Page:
Studies have attempted to assess potential risk factors predisposing to shunt malfunction. Caldarelli et al. explored shunt complications over the first postoperative year in 170 children.9 They demonstrated that thoracic and cervical MMCs treated with VPS were more likely to have VPS complications, whereas age and surgical modality did not significantly influence shunt patency or overall complications. In the long-term follow up of 189 hydrocephalic MMC patients, Tuli et al. observed a 64% first-shunt failure rate due to obstruction (70%), infection (24%), or loculated ventricles (4%).55 On multivariate analysis, these investigators found female sex and concurrent surgical procedure (including nonneurosurgical procedures) had a significant increase in subsequent shunt malfunction. Our NIS failed to find sex or MMC level associated with inpatient failure rates, likely due to our ability to only capture events during initial inpatient stay. However, we did identify surgical timing and specific comorbidities as correlates to higher risk of inpatient VPS failure.

With high rates of revision due to shunt-related complications, there has been effort directed toward optimization of shunt selection. In a retrospective review of 157 patients with neonatal MMC, patients were classified according to shunt system features, including valve type, valve size/contour, and catheter type. A total of 71 patients (45.2%) underwent early shunt revision due to various complications and there was no association between complications and valve type or catheter type, although small-sized valves demonstrated significantly lower rates of wound complications.24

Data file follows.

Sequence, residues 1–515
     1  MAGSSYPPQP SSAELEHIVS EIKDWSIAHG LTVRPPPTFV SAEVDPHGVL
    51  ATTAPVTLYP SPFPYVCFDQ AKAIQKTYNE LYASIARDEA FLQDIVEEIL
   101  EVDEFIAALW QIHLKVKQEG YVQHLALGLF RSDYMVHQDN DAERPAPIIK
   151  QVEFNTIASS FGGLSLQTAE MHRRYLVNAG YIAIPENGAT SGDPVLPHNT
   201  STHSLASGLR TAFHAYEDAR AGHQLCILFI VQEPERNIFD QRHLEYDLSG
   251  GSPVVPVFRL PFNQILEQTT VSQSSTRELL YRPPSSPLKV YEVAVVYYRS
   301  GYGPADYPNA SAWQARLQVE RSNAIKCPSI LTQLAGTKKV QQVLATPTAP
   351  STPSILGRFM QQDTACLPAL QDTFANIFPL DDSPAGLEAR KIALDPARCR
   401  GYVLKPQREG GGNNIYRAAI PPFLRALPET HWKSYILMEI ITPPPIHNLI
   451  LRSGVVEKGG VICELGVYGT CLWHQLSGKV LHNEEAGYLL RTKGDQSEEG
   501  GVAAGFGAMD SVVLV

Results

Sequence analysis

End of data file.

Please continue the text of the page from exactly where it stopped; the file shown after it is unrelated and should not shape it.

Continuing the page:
ETV

ETV is an alternative method of hydrocephalus treatment and avoids many common infection and mechanical pitfalls associated with shunting. The first small series we identified that incorporated ETVs in MMC patients was documented in 1981 by Natelson. In a series of 20 neonatal hydrocephalic MMC patients, 9 received a shunt with ETV and 11 received a shunt alone.39 No revisions were needed in the shunt-ETV group, but 54% of patients treated with a shunt alone required subsequent revision.

While Natelson demonstrated the feasibility of adjunct ETV treatment for MMC hydrocephalus, it was not until 1996 when the first large series of ETVs utilized as a singular treatment for hydrocephalus was published. In 64 patients with hydrocephalic MMC, Teo and Jones reported an overall ETV success rate of 72%, with a significant difference in success rate of infants younger than 6 months of age (12.5% success rate) compared to those over 6 months of age (80% success rate).54 Rei et al. also observed an ETV success rate that correlated directly with older patient age. Importantly, a prior VPS malfunction or infection did not contraindicate ETV.50 Our NIS results agree with the reported high rate of early-age ETV failure rates, with a 17.5% inpatient ETV failure rate. From papers we identified, the reported success rates for ETV as a primary treatment ranged from 29% to 37.5%, whereas success rates for ETV after shunt failure ranged from 50% to 92%.22,46,50,54 Long-term ETV outcomes after 5 years follow-up demonstrated ETV success rates of 53.3% and 64.3% when used as a first or second treatment modality, respectively.53 Long-term neurocognitive outcomes between ETV and VPS groups are similar.53